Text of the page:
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Weird History

Common Myths About The Titanic Sinking That Aren’t Verifiably True

The sinking of the RMS Titanic in 1912 shocked the world. The luxurious ocean liner, on its maiden voyage from Southampton, England, to New York, New York, was thought to be the largest and finest vessel on the water, perhaps even impervious to danger. 

In the aftermath of the Titanic's sinking, public interest and government inquiry resulted in large-scale investigations into all things Titanic - everything from what exactly happened during the vessel's final moments to how the whole disaster could have even occurred in spite of the oversight, precautions, and engineering. As historical imagination took over, Titanic myths and facts soon blended, resulting in a blurred historical "truth."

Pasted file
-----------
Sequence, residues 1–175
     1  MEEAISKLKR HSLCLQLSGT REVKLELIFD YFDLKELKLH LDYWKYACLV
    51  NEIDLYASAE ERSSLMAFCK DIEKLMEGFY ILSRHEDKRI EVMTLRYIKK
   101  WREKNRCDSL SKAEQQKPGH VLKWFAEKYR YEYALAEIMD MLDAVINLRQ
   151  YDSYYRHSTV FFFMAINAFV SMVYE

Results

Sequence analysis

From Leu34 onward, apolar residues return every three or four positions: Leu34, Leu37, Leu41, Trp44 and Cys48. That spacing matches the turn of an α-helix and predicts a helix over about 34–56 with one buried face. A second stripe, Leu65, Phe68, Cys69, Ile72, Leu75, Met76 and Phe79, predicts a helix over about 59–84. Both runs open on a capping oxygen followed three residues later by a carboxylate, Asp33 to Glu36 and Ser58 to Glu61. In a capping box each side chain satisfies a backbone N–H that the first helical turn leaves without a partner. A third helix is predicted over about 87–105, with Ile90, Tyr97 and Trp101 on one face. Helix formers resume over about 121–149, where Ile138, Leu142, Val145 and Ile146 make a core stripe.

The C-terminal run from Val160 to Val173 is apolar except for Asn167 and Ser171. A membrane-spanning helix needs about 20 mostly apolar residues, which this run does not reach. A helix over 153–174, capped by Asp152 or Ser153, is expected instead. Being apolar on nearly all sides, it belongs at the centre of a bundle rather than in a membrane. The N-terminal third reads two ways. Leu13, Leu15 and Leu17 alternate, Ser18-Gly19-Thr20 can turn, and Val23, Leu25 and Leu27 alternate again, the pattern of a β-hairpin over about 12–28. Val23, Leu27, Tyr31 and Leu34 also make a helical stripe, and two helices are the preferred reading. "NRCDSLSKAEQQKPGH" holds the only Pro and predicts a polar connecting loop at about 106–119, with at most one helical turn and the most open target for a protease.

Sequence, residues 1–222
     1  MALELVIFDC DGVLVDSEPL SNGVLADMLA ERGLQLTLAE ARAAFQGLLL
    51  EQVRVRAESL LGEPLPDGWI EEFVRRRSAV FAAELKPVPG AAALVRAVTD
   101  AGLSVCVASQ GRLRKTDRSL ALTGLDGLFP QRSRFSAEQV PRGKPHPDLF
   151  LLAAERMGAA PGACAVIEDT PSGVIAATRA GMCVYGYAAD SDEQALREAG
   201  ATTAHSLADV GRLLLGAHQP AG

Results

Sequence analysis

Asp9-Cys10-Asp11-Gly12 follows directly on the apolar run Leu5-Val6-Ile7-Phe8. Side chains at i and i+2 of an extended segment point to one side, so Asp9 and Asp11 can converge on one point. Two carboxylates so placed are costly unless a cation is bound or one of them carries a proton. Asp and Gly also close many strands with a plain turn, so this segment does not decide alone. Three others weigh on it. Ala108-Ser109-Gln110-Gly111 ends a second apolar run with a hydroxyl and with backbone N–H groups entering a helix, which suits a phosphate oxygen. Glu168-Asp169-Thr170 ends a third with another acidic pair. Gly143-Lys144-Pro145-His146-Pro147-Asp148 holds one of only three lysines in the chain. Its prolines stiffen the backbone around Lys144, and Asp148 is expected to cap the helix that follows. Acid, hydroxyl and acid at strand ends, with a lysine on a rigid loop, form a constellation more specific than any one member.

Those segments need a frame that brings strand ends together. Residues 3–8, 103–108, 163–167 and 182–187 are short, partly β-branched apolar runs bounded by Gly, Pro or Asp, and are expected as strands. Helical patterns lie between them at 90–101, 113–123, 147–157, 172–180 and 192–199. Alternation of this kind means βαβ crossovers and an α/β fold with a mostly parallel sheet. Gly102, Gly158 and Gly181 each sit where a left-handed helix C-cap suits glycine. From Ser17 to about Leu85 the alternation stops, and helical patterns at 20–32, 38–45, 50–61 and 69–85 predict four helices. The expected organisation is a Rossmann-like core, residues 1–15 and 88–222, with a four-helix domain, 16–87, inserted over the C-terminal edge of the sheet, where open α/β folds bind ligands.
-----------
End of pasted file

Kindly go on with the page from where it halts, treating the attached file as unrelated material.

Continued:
Titanic myths continue to contribute to mainstream understanding of the disaster, with movies like A Night to Remember (1958) and Titanic (1997) perpetuating some of the most popular, yet unverifiable, beliefs.

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